On a personal note, it’s good that I picked this topic because it led to me noticing that the pineapple stem I keep in an applesauce jar full of water was, in fact, in an applesauce jar completely devoid of water due to long neglect.  The stem is still alive, the jar is refilled.

But the prompt is plants in general, flowers, weeds, grass, maize, shrubs, redwoods, and so forth.  Any plant or plant related matter that you wish to talk about.


[As a reminder, open thread prompts are meant to inspire conversation, not stifle it. Have no fear of going off topic for there is no off topic here.]

This week in the Slacktiverse, September 13th, 2015 (updated)

(posted by chris the cynic; written by members of The Slacktiverse)

The Blogaround

  • In Ridiculous Moments In Parenting: Last Week Edition, Storiteller describes a range of absurdity, from her kid mistaking a hat for cheese to an angry running tantrum.  In An Open Letter to Parenting Experts, she unleashes some of her frustration about highly questionable parenting advice from books and article.
  • chris the cynic wrote:
    • Star Wars Redux: No Jedi Truths is how I would do the conversation between Obi-Wan and Luke in Return of the Jedi.  For some background:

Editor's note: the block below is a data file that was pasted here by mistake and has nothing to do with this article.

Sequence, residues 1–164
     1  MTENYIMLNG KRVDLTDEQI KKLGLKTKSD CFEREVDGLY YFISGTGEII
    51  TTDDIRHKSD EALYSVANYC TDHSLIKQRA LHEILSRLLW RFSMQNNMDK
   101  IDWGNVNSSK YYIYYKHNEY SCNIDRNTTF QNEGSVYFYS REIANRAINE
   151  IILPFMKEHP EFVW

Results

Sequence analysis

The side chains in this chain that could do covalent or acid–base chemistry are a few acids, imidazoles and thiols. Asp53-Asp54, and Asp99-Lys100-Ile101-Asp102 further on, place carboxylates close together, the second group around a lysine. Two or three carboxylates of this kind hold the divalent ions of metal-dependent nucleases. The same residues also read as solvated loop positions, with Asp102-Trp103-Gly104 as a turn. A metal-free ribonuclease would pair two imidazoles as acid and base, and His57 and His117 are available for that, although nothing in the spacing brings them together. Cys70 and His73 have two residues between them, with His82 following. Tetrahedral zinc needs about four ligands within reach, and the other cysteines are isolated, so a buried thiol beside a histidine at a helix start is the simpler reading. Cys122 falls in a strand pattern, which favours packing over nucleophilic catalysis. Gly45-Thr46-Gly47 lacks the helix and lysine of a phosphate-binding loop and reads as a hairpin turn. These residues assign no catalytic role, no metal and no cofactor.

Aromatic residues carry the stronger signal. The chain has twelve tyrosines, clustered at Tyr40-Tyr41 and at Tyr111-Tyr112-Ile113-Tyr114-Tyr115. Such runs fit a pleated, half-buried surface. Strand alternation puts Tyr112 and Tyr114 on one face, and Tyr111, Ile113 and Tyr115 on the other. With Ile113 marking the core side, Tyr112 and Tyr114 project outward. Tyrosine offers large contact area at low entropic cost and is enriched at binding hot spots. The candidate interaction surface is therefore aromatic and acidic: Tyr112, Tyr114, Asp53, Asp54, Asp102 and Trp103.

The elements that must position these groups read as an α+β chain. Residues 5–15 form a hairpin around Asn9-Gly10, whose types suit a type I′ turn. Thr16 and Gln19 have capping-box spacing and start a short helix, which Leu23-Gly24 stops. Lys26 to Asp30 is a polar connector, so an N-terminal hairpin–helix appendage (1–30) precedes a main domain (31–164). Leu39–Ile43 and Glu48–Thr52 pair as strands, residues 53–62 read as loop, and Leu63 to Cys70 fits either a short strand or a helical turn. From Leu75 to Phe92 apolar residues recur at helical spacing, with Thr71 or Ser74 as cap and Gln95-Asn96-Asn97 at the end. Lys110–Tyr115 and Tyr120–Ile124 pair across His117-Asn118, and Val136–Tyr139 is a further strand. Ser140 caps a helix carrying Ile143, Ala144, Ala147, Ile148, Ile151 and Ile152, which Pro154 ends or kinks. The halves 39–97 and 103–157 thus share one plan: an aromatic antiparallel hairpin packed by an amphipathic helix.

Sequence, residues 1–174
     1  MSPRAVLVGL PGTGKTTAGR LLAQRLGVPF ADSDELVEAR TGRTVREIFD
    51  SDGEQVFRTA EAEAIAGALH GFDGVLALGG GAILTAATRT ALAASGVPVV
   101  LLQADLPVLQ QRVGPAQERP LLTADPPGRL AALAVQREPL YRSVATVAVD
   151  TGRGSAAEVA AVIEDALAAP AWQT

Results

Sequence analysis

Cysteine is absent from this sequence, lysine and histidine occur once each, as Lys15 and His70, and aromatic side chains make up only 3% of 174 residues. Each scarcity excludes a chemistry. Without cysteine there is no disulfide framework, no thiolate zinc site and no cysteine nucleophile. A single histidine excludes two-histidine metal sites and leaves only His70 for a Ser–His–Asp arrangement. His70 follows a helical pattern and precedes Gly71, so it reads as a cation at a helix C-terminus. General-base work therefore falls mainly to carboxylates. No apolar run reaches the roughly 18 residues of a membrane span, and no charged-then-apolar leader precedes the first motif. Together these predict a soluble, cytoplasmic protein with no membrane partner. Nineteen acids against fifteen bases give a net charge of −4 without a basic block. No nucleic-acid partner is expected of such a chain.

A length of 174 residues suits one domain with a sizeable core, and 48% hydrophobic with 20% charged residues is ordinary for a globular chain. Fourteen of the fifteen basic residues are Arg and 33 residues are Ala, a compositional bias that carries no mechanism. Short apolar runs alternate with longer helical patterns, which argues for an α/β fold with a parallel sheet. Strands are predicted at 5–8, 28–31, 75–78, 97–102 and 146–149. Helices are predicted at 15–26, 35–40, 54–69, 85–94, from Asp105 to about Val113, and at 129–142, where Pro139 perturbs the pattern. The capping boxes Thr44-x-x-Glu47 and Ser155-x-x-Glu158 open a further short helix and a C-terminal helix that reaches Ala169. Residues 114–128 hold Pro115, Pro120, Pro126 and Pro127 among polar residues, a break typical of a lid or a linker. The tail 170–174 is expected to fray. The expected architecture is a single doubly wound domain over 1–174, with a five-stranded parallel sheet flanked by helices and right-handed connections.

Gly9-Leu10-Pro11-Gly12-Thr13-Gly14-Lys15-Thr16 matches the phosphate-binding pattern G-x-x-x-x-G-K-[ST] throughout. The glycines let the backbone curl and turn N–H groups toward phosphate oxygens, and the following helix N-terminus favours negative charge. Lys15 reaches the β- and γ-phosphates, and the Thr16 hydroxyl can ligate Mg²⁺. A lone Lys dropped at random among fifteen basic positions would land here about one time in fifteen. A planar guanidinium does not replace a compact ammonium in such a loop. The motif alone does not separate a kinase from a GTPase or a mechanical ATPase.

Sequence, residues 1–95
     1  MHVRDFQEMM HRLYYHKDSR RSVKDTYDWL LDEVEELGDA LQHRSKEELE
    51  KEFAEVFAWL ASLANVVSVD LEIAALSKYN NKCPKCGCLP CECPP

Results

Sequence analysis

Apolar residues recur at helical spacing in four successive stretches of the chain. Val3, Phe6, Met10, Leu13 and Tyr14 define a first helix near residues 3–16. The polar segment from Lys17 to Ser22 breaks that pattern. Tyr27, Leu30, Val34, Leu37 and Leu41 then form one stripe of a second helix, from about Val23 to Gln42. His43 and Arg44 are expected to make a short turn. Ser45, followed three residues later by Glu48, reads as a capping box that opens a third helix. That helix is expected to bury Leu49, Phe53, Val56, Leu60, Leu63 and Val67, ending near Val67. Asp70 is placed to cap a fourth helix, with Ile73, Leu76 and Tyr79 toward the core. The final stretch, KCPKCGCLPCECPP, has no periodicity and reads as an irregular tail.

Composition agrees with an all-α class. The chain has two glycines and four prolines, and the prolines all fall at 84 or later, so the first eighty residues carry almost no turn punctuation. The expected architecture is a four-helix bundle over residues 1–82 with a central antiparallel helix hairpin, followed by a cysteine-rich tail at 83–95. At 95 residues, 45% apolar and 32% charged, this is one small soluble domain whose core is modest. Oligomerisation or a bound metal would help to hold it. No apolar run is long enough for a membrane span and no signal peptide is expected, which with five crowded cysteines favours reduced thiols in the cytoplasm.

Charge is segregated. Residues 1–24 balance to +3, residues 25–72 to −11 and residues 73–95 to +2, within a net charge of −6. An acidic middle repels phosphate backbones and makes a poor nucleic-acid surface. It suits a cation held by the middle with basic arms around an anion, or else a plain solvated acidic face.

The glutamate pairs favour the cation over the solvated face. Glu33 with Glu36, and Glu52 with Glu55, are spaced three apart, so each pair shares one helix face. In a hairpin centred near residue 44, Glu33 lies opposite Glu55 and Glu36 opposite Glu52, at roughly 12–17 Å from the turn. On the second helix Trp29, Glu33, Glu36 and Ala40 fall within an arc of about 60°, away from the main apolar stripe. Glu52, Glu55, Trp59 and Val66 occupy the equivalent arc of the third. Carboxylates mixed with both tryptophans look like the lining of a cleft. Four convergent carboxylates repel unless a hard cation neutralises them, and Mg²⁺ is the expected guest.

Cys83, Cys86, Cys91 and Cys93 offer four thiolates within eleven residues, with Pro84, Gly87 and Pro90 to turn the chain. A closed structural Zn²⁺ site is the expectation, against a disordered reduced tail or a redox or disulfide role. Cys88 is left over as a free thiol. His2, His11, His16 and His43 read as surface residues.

• In Star Wars (the original one) Obi-Wan said that Vader betrayed and murdered Luke’s dad because, at the time, that was the plan: Obi-Wan had multiple students and the one named Vader killed the one named Skywalker.  That plan was changed, drastically, which led to “a certain point of view” and the entire concept of Jedi Truth.  My version attempts to reconcile what Obi-Wan originally said with the truth in a way that doesn’t leave him a liar who refuses to admit to his lies.
    • Also in derivative work I wrote part two of Bent, not Broken.  In it Kim starts to tell Chi about what happened to her.  Initially I thought that this would be the first of a rapid succession of such posts until we got through the story (which covers ten years so it’ll take a few installments) but I have been completely distracted by trying to write a Cinderella story that’s taking a lot longer than anticipated.